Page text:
Thanks to creative strategizing & generous donors, nonprofits are surviving without big fundraising events
By Carol K. Dumas
On Oct. 18, 2019, nearly 250 supporters of Habitat for Humanity of Greater Plymouth filled the ballroom at Hotel 1620 on Plymouth Harbor to raise more than $82,000, a record-breaking total for the organization. The Hearts & Hammers gala featured heartwarming stories from families who became owners of Habitat homes, built lovingly by volunteers and helped with countless supplies and labor donations from local businesses.
For 30 years, more than 10,000 people have flocked to the Hyannis Village Green to hear the Boston Pops Esplanade Orchestra live in concert sponsored by Citizens Bank, the concert is Cape Cod’s single largest cultural event and the most important fundraising event of the year for the Arts Foundation of Cape Cod.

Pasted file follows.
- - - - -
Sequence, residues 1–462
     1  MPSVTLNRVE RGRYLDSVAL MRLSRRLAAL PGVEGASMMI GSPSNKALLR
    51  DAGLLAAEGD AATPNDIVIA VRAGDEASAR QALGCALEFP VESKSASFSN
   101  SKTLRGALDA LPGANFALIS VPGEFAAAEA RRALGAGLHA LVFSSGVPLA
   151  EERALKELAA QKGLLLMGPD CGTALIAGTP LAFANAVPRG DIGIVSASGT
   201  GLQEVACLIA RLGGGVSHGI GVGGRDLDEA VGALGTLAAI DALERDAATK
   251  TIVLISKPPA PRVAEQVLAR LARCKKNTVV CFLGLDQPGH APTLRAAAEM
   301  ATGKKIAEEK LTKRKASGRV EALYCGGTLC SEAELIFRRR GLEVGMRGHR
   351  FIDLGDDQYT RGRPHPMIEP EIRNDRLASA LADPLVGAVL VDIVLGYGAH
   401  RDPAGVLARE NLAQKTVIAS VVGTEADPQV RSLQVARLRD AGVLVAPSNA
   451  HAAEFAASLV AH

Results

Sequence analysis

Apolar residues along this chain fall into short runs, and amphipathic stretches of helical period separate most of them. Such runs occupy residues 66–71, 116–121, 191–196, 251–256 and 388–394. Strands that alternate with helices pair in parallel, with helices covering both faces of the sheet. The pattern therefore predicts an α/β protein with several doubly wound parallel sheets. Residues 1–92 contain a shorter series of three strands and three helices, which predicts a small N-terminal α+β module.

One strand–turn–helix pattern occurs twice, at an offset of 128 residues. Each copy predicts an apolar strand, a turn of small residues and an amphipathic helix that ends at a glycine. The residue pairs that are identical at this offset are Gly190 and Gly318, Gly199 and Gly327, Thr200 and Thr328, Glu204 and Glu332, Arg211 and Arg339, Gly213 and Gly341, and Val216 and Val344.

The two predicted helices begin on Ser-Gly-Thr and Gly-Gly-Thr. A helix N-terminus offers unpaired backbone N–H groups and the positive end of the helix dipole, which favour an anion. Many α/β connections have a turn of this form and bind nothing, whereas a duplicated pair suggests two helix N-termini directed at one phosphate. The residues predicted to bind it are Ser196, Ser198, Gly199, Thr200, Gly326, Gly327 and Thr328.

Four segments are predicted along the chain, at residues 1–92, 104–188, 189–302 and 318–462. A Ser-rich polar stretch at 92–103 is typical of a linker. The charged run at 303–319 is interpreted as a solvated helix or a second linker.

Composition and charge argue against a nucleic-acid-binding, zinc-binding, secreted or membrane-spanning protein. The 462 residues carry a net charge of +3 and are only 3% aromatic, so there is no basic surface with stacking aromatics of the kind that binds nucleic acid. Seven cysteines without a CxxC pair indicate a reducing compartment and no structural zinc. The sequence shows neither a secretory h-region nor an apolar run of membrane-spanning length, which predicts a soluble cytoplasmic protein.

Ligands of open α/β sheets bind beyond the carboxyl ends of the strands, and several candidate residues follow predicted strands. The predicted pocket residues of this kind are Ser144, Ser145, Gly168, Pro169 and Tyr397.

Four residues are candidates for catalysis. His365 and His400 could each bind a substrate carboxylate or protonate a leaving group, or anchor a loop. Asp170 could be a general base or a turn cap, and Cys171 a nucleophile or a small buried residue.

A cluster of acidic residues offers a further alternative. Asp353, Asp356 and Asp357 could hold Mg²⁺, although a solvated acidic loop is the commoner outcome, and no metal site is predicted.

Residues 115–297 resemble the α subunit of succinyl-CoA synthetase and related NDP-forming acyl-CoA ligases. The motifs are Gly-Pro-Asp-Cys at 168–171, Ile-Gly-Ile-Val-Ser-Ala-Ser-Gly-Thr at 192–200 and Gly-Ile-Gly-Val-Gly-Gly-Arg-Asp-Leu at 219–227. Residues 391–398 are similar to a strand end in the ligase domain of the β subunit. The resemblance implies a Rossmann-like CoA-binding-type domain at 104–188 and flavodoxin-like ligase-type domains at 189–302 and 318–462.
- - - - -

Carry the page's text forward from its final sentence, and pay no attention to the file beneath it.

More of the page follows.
It’s been two years since Habitat has been able to hold their gala and since the Pops played in Hyannis, due to the pandemic. Families were still in need of homes as was the revenue needed to build three homes over the past two years. Artists and cultural organizations supported by the Arts Foundations were in jeopardy; the arts sector on Cape Cod remains among the hardest hit by the economic crises brought on by COVID-19.
For the past two years, nonprofits have been creatively at work, many rethinking the lucrative, in-person fundraisers that were canceled or faced attendance limits due to state health regulations.
“We have consistently heard from our nonprofit partners about the profound impact COVID has had on their ability to hold fundraising events which, in the past, have generated significant revenue that is vital to their operation,” noted Kristin O’Malley, CEO of The Cape Cod Foundation. “That said, the creativity and uniqueness that many of our local nonprofits have shown over the past 18 months as they worked to identify new ways to generate revenue and to engage donors has been impressive, and many plan to continue these new opportunities into the future.”